Such initiatives were certainly worthy of a prospective Football League club. Despite Abertillery, Barry, Bridgend, Pontypridd and even Aberaman applying to join the Football League, the Board quietly went about their task of canvassing support. A professionally produced brochure outlining the merits of the club and the surrounding district was sent to all the First and Second Division clubs as Aberdare sought to claim one of the two vacant spots in the Third Division South which had been created by the transfer of clubs into the newly formed Third Division North.
With their preparations complete and backed up with the solid support of Cardiff City and the good wishes of the other Welsh Football League clubs, Llewellyn and director Tyssul Davies travelled to London for the Annual Meeting of the Football League which was to be held on Monday 30th May.
When the votes were counted the result was probably even beyond the wildest dreams of the Aberdare delegation as the Darians topped the poll with 38 votes, eight ahead of the next placed club Charlton Athletic. The news was quickly conveyed back to the thousands of supporters anxiously waiting for news back in Aberdare by a telegram sent to the representative of the South Wales Daily News in Aberdare by W. M. Llewellyn which read:
"Kingsway, London. Aberdare Third Division, top of poll. Charlton second. Llewellyn."
The following day Llewellyn and his fellow Director returned from the capital reaching Aberdare by the 5.10 TVR train. When the train steamed into Aberdare station to the accompaniment of fog signals an immense crowd was present on the platform to greet them. The Aberdare Silver Band and a charabanc awaited them and they were taken to Victoria Square where thousands of other supporters had gathered. After depositing the delegation outside Compton House several impromptu speeches were delivered.
Speaking first, in a brief address, which was vociferously cheered at intervals, Mr. W. M. Llewellyn told those present:
"The number of votes recorded in favour of Aberdare was 38 against a possible 45. they had realised their ambition not because of the efforts of one individual, but through the harmonious cooperation of all, the directors, the officials and the supporters of the club. He deeply felt the warmth of the welcome, and hoped that the same spirited enthusiasm would continue and that the 'old' support would be extended to the club in the future. Their aim should not be to remain in the Third Division but to make for a still higher place."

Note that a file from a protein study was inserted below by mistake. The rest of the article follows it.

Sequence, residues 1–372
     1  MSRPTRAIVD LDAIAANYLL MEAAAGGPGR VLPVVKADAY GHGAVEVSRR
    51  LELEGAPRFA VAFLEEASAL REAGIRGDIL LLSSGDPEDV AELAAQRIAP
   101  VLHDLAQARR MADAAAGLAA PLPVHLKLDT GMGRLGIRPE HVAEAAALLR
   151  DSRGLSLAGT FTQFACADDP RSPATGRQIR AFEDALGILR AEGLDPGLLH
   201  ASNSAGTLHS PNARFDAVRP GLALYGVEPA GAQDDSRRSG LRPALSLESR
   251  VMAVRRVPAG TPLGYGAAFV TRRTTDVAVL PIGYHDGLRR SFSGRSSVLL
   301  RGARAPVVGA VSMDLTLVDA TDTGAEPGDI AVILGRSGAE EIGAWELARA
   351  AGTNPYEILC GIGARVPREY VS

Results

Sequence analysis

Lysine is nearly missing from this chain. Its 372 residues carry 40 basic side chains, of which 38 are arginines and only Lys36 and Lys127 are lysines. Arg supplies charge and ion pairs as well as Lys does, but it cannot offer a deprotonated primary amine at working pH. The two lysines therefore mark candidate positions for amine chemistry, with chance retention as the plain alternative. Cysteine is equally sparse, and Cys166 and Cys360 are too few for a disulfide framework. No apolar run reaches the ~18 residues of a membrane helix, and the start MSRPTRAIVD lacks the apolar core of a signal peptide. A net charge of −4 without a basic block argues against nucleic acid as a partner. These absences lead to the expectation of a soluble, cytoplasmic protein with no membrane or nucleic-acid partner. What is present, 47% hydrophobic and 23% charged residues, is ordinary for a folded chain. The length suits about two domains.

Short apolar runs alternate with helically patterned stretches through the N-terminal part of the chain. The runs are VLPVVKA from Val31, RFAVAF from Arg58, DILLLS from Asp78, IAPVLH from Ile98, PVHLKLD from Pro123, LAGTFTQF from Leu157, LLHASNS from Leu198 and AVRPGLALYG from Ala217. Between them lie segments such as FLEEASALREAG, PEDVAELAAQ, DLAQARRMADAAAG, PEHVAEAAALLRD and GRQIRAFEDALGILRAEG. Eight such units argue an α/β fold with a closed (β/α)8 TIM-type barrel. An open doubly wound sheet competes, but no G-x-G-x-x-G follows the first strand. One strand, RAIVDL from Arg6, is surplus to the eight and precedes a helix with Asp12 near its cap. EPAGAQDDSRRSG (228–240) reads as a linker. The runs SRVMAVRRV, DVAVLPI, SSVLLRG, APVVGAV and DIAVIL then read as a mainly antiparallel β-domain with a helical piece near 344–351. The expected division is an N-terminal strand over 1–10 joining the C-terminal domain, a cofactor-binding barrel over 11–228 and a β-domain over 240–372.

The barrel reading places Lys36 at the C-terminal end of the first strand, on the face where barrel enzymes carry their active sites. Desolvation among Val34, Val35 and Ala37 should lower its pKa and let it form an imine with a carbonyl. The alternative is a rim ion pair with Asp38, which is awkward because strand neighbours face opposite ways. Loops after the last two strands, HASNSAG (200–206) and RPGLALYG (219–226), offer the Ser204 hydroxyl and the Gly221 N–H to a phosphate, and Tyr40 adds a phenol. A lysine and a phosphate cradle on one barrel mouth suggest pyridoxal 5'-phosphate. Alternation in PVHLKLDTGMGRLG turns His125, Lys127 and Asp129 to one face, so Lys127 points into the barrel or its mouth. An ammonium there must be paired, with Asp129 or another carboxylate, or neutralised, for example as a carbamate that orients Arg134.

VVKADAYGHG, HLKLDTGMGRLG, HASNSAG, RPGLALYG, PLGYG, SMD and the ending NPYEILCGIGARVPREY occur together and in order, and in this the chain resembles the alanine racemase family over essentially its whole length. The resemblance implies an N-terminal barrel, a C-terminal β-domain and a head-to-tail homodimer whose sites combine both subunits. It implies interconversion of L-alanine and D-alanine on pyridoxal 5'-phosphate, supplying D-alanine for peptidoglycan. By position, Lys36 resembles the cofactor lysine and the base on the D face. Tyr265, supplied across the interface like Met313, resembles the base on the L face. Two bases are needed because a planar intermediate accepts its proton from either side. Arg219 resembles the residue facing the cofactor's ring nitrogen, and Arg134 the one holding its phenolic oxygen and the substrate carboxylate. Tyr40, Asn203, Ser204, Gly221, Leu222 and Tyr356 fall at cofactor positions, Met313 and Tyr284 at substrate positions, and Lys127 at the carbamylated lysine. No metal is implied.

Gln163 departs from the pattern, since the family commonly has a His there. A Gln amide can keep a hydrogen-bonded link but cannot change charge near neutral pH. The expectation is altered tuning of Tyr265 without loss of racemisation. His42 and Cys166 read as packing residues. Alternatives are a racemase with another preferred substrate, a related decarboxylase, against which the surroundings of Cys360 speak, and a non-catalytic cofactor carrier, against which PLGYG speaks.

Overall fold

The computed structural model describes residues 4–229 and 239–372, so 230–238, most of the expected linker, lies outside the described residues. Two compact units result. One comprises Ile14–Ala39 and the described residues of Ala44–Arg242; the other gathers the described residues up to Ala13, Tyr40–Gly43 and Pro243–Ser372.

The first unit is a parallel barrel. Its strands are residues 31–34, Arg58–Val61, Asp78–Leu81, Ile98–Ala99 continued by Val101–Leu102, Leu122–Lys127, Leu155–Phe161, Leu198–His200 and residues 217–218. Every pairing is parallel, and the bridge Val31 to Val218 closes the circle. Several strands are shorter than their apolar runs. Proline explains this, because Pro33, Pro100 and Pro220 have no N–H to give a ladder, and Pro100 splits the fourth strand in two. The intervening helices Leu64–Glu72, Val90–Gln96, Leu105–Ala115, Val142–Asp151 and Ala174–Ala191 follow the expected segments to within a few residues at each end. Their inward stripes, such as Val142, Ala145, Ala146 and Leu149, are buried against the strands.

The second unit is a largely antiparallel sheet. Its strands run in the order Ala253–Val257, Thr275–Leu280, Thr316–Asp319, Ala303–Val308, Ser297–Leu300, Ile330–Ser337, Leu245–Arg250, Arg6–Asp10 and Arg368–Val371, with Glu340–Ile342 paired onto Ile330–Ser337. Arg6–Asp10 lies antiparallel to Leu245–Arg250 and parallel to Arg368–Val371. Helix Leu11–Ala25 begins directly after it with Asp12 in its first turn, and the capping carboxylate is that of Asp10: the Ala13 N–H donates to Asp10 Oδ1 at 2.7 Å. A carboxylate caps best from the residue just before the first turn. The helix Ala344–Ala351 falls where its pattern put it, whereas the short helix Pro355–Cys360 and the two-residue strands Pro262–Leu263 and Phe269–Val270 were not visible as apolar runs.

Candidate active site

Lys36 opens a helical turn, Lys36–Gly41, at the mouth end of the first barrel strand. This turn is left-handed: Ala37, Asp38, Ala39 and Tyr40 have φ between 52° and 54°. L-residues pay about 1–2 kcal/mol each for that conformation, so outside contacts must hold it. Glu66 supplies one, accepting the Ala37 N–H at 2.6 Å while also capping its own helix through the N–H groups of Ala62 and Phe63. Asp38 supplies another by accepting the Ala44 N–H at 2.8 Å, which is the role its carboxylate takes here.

After calling for three cheers for Mr. Llewellyn, Director Illtyd Williams appealed for:
"... the continued support of the public and trusted that the Club would climb up in due course to the First Division."
After fellow Director Tyssul Davies and Lot Jones had also addressed the gathering, the party departed for Trecynon where they transferred to Llewellyn's car. On their arrival at Cwmdare, Llewellyn's home village, they were greeted with a mass of flags, banners and garlands. When the car reached Gobaith Chapel a procession was formed. The car's chauffeur was replaced by fifty or so miners who took it in turns to pull the car with ropes, while school children who had formed a guard of honour followed the car along with members of the Ex-Schoolboys Football League.
Thus headed by the Llwydcoed Silver Band, the party, whose ranks had been swollen by the inhabitants of the village and other well-wishers, made their way to Llewellyn's home Bwllfa House where an improvised platform had been erected. On his arrival Mr. Llewellyn was presented with a walking stick from the inhabitants of his home village before more speeches and a rendition of the national anthem brought the proceedings to a close.
In just over a year the Club had risen from nowhere to take its place among the select gathering of clubs which made up the Football League.
THE ABOVE ARTICLE IS TAKEN FROM ABERDARE ATHLETIC 1920-28 BY PHIL SWEET